‘When I found the drawer of lighters,’ he pushes his drink away towards her, pausing while the bell on the café door rings, ‘and all of mine had mysteriously abandoned me, everything just came together. I was confused.’ He says, running his hands through his hair. His fingers snag on knots, and several strands of his hair come away, wrapped around the ring on his index finger. ‘Even when I bought more, they’d never be in my house for longer than a week.’
‘I’m sorry, Charlie.’
‘I thought I was going crazy. I thought everything I touched was disappearing and finding out it was you… I felt somewhere between really fucking hurt and really fucking relieved. That’s the only reason I called you that.’
She looks up at him and her glassy eyes reflect the lights on the ceiling. ‘I never wanted to hurt you. I loved you.’
After Charlie took her home to meet his parents, he got a call from his mum.
‘Honey, did you see where the last bowl of the porcelain set went? I swear I had them all when I set up the table.’
‘You took my mothers bowl though – who does that?’ He asked her on the day they broke up, frustration in the air as thick as smoke around a bonfire.
‘I wanted to hold onto a piece of you, okay?’ She shouted. In their time together, Charlie had never heard her shout.
‘Well, I hope that’s enough of me to hold onto because you’re losing the rest of me, Issy. You’re crazy!’
‘I’m sorry, I didn’t mean to-’
‘Shut up, Charlie.’ Issy’s voice was barely loud enough to be heard over the sound of the cars on the main road outside.
‘Is this it?’ Charlie asked.
After everything, she took away his friends.
A couple of months later, in an attempt to move on, Charlie asked a girl in the office if she’d like to go for a drink, but she was busy.
‘Oh, I’m actually hanging out with uh… I’m hanging out with Issy tonight. I’m sorry. Maybe another night?’
He felt his heart ache like a snake had wrapped around it and pulled it tight into his chest. He looked up at the streetlights above him on the winter evening to compose himself, put his hands into his pockets with more force than usual, and looked her back in the eye.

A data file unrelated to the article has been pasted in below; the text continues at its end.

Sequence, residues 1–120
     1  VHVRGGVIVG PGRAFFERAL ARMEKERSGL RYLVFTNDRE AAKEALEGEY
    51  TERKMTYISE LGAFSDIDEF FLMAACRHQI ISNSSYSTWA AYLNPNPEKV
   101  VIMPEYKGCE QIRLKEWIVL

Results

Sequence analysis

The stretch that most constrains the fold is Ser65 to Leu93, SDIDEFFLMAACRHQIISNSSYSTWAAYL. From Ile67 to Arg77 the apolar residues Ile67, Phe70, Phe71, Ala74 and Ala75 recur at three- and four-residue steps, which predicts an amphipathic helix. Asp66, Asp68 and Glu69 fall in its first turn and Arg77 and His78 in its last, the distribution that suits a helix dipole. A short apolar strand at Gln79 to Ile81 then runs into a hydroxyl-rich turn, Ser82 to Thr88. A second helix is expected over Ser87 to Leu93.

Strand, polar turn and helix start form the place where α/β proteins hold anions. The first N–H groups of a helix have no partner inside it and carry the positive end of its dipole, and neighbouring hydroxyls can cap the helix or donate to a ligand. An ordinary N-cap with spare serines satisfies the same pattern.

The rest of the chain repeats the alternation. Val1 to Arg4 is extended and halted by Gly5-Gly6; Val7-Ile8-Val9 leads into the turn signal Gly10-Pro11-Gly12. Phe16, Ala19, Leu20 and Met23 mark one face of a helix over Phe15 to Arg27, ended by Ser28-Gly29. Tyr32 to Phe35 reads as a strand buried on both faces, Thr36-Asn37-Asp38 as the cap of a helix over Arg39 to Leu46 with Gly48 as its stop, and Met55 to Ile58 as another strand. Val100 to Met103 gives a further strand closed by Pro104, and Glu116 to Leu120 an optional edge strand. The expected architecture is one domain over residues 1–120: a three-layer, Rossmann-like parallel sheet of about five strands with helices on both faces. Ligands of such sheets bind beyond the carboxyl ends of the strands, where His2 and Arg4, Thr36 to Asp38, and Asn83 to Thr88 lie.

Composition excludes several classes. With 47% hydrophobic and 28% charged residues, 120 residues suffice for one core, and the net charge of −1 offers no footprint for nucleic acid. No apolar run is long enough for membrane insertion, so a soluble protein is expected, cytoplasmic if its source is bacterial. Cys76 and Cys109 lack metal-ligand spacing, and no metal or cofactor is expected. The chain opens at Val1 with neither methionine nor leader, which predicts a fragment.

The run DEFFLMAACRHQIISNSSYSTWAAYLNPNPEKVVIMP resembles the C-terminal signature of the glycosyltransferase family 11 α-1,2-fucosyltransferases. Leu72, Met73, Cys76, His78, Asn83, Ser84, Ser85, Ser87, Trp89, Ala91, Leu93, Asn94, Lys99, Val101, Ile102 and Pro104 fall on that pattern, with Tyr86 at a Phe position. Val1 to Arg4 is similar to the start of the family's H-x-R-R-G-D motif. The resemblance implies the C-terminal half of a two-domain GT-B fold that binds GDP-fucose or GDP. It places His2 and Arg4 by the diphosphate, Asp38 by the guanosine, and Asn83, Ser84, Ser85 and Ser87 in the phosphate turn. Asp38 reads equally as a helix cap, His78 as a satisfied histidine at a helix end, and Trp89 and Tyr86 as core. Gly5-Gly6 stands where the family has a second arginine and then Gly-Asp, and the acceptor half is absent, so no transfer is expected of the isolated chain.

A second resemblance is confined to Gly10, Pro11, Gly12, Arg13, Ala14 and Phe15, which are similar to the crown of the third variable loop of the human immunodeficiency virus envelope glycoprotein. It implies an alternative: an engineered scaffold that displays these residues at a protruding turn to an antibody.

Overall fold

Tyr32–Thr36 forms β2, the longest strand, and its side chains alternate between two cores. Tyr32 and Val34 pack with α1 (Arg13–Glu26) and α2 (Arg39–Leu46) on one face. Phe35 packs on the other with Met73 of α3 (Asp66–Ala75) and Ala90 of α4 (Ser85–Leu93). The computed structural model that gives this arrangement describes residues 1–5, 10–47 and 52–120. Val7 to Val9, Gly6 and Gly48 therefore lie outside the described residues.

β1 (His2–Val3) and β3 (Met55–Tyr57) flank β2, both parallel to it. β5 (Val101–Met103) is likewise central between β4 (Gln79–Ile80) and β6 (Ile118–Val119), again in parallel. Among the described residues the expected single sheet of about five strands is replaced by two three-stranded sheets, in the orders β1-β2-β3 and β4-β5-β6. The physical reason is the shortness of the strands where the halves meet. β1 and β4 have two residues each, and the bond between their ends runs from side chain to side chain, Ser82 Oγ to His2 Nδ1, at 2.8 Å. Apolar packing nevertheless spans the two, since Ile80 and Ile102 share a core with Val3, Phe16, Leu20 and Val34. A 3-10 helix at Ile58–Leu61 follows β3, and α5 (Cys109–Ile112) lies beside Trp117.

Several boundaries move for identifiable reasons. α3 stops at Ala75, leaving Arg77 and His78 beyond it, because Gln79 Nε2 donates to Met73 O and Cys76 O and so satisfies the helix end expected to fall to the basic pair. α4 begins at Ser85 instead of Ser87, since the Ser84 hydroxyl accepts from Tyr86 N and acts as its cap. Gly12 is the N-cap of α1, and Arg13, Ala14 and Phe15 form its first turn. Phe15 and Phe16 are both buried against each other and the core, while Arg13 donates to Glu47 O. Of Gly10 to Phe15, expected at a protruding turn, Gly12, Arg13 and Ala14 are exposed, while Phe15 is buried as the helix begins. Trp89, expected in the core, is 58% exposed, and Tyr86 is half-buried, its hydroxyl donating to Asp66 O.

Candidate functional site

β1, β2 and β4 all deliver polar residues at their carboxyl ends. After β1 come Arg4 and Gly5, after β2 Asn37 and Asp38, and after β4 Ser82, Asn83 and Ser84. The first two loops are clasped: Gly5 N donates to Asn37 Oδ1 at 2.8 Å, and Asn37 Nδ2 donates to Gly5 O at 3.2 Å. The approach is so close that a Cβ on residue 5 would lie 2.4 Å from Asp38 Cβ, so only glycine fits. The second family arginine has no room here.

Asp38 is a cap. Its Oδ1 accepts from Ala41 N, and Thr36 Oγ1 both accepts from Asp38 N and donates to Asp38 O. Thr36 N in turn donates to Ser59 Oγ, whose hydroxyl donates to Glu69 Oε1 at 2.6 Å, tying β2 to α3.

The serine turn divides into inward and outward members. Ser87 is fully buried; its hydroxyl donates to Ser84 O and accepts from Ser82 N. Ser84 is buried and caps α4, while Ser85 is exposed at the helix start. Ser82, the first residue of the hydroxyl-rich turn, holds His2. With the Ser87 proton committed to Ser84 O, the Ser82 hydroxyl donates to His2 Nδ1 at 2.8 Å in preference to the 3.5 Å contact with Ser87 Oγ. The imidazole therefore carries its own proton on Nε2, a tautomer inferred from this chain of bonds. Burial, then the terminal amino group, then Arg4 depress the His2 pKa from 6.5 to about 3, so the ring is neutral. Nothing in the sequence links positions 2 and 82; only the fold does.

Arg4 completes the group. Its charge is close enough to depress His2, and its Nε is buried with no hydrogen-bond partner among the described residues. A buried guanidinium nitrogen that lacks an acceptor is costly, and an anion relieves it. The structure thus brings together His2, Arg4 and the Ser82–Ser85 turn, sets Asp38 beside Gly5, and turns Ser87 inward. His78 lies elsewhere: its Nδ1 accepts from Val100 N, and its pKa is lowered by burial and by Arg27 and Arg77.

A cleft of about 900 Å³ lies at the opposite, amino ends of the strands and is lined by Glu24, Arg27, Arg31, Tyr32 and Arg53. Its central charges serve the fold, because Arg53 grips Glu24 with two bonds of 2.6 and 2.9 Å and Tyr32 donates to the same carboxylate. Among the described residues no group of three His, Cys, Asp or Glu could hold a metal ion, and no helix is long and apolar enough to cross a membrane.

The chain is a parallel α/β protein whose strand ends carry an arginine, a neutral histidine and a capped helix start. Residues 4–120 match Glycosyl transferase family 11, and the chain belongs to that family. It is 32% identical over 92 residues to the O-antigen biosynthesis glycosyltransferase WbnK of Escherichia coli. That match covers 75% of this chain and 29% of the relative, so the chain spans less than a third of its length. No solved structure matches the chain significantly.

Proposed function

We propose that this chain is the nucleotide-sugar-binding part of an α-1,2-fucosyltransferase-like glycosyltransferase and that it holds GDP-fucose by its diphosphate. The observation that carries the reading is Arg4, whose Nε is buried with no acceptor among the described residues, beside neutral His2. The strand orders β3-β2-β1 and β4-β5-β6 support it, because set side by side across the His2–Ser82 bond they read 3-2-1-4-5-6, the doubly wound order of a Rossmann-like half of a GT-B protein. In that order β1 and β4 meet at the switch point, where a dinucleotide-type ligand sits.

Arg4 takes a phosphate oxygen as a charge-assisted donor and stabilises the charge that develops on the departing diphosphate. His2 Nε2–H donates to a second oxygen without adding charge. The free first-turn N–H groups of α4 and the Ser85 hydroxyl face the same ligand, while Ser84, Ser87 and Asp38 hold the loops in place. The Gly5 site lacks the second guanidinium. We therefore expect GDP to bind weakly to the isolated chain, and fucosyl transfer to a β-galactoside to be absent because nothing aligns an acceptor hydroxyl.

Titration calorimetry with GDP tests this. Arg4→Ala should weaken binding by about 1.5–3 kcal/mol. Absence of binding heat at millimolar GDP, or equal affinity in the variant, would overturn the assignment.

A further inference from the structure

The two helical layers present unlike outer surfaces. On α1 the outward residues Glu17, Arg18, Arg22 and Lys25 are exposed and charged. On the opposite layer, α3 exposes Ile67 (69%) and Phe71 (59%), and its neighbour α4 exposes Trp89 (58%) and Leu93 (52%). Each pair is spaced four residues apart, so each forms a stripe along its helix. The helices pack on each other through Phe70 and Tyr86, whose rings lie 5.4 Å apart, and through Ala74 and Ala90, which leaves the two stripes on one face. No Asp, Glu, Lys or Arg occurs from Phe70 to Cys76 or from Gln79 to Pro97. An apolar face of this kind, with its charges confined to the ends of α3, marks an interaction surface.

‘That’s no problem.’ He faked a smile. ‘Have a good night. Hold onto your purse.’
With that, he walked away and kept up with the cars that were slowly moving through traffic on their way into the city. He went off into an alleyway, he punched a wall, he yelled out. He rubbed his hand, rubbed his eyes, and went back to the pavement along the side of the main road.
‘I felt so lonely when it was all over. You didn’t just break my heart; you broke my head or something. It was like I couldn’t let anyone near me, and when I tried, they didn’t want to anyway.’ He says, his voice as strong as a table put together with PVA glue. He takes a sip of his drink and thinks about looking at her, but he can’t. She’s avoiding his eyes too.
‘I do miss you, Charlie.’
‘You… You ransacked me.’
‘But I miss you.’
‘I miss you too, Issy. I’ve never fallen so hard for someone.’
‘I have something for you.’ She says and brings out a small gift bag from her large handbag.
She’d never bought Charlie anything. On his birthday, she turned up on
his doorstep without even a card.
‘Happy Birthday babe!’ She cheered and stole from him a hug. He was half awake, his eyes heavy and his grey t-shirt a distance from the band of his sweatpants. His hair stood on all ends – he didn’t know where his hairbrush was.
‘Oh, I wasn’t expecting you! Thank you!’
‘Well I was passing through and I thought I should probably see the birthday boy. Quarter of a century!’
Charlie laughed, ‘No need to remind me. Come in before the neighbours start staring at my good looks.’ He winked, she blushed. When she stepped inside, he couldn’t help but look at her hands, expecting a small gift, or even a card. Her hands were empty.
‘What’s this?’ He asks her, taking the bag from her, careful not to knock anything over on the café table. She shrugs and watches him. He puts his hand into the bag and pulls out a rectangular object. He turns it over to see a painting.
‘Oh.’ His heart starts an earthquake in his chest.
‘I thought, maybe, this could be some kind of sorry. I don’t know if it’s too much or if it would just remind you or-‘
‘It’s perfect, Issy.’ He says and cuts her off. Her mouth momentarily hangs open before she closes it and leans back into her chair. The painting has a frame of lighters and in the middle is a painting of a bowl – Moorcroft style, the yellow and green paints blending into each other to create a spring wreath around its edge. The dark blue of the bowl made the flowers shine like lipstick on a collar.
‘Lighters and the bowl… I love it.’
‘I’m sorry I couldn’t fit in your hairbrush.’ She laughs, the giggles as light as Charlie’s shoulders now felt.
‘I never did ask if that was you who took that!’ She puts her hands up.
‘Guilty as charged.’
The two laugh at the table, as though the last year and half never happened.
‘I think this… This is amazing. Thank you. I still stick by what I said that time. You should have been an artist.’ There’s a pause, like the harsh words in their mouths were seized and replaced.
‘I have a bag of your stuff still in my house,’ Issy says, her eyebrows furrowed and her eyes hardly making contact with his, ‘I’ve been trying to give things back.’ There’s a second pause. ‘Maybe we can be friends again. I’ll make us tea or something.’
‘I’d like that.’ He says, his lips turning up like his collar did after their first date, when Issy’s hands got lost in the back of his hair and on his neck.